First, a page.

Et voila. In a little less than a month, The Displaced Nation has gone from reminiscing over American expat in France Julia Child to engaging with American expat in France Elizabeth Bard.
Move over Julie Powell. At a pace rather like a simmering le Creuset pot of Child’s signature boeuf bourguignon, Bard is on the way to becoming the 21st-century’s answer to that towering figure of 20th-century cuisine Française.
The similarities between the two women are intriguing. Child went to France as a trailing spouse for an American diplomat. Bard went to France trailing a Frenchman.
Child was seduced by France. She found herself through French cuisine. Bard was seduced by France (after being seduced by a Frenchman). She found a way into French culture through the markets and cooking — and found herself in the process.
On this point, the line between the two women gets a little blurry. Which one, Child or Bard, said the following:
More than the museums, more than the ancient streets, these stalls of fruits and vegetables and spices were the Paris that inspired me.
As everyone knows, Child returned to the United States to launch a career in television. Whereas Bard has become a long-term resident of France — and has launched a brilliant writing career with the publication of Lunch in Paris: A Love Story, with Recipes, a New York Times and international bestseller, a Barnes & Noble “Discover Great New Writers” pick, and the recipient of the 2010 Gourmand World Cookbook Award for Best First Cookbook. NOTE: We are giving away copies to two lucky DISPLACED DISPATCH subscribers. Sign up today!
Child inspired Julie Powell to make all of her recipes. Bard has inspired, among others, two Displaced Nation writers — myself and Anthony Windram — to try out her recipes.
But here the comparison ends. A key difference is that Bard’s recipes are nowhere near as difficult as Child’s — which is exactly what makes Bard so perfect for our times. She’s approachable, and her cooking suggestions are doable. She also has a rich life outside cooking — the life of a woman who has displaced herself into another culture — and enjoys sharing that part of her story as well.
Mesdames et Messieurs, I would now like to offer you the fruits (not to mention veggies) of my exchange with expat author, chef and lifestyle muse Elizabeth Bard.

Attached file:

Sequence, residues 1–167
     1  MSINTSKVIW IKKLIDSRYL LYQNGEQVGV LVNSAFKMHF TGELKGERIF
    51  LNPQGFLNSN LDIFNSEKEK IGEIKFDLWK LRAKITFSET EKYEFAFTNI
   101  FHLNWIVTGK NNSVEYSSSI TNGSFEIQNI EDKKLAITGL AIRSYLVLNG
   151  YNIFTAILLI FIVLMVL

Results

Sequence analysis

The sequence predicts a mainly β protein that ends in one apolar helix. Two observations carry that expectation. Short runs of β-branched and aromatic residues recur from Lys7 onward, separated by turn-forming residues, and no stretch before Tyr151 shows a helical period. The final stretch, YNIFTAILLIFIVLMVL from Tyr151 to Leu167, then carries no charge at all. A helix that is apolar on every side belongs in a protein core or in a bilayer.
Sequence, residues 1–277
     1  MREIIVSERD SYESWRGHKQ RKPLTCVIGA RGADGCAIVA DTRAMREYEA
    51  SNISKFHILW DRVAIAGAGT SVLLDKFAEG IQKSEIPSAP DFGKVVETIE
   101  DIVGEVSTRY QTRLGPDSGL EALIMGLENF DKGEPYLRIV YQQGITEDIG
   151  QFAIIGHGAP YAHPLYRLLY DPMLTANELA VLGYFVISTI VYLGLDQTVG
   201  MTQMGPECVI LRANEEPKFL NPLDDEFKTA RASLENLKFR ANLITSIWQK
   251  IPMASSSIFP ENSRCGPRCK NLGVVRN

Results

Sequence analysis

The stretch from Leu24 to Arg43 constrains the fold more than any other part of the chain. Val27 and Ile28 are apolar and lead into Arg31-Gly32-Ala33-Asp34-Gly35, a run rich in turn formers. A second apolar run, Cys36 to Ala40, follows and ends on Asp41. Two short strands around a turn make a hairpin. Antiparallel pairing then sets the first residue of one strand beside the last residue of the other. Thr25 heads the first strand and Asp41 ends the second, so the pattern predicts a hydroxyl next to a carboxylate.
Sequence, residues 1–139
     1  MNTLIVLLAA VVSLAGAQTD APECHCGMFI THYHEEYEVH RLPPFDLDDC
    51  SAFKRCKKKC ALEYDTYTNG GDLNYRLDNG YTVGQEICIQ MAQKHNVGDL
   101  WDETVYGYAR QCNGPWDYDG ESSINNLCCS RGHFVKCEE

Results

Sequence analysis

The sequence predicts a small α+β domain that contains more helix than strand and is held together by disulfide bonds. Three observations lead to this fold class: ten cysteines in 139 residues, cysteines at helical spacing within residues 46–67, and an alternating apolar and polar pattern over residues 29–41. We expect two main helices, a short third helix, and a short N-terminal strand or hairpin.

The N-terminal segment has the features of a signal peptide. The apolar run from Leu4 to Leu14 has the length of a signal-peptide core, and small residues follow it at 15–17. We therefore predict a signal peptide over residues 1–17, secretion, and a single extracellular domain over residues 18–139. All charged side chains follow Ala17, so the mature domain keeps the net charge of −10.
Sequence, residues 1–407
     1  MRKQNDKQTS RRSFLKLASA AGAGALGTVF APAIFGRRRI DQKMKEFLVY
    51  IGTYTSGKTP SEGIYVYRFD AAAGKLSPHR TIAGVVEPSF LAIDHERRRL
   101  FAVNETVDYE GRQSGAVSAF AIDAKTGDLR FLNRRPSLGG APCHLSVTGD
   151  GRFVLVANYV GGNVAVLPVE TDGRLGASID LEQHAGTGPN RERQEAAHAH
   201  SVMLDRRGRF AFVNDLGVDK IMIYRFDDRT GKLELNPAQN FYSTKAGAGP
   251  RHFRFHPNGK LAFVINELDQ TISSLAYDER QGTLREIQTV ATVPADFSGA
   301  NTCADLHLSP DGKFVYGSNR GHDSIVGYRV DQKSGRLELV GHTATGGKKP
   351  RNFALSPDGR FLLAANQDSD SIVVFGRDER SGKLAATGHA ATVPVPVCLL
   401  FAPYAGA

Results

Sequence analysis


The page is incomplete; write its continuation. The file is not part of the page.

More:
Tell me a little more about your background.
I grew up in Northern New Jersey and spent weekends with my father in New York City. I studied English Lit as an undergrad at Cornell, then art history at Christie’s and the Courtauld Institute in London. My dream was to be the chief curator of the Pierpont Morgan Library in Manhattan. I was always convinced I’d been born in the wrong century. I love old objects, lost worlds, so, of course, I was instantly seduced by Paris (and of course, my French husband).
Over the years, I’ve written on art, travel and food, and digital culture for the New York Times, International Herald Tribune, Harper’s Bazaar, Wired, Time Out and Huffington Post, among others. Lunch in Paris was my first book.
In July 2010, my husband and I and our baby son Augustin moved to a small village in Provence, to live in the wartime home of the famous poet and WWII Resistance leader René Char. At the time, we had no plans to leave Paris — it was a date with destiny. You can find the complete (completely crazy?) story of how we found the house on my blog.
How are you finding life in Provence as compared to Paris?
As a city girl, village life is a discovery for me. I’m still adjusting to hanging my undies in the sun, and learning the names of the local birds (they can’t all be pigeons…). I’m surrounded by wonderful cooks and gardeners; last week, I went on my first saffron harvest. The move has been a wonderful transition for us as a family — it has made me question many of the things I believe about work/life balance, health, and being close to nature. All things I hope to share (along with my neighbor’s recipe for Provençal soupe au pistou) in my next book.
Turning to Lunch in Paris: What made you decide to write a book telling the story of your transition to living in France?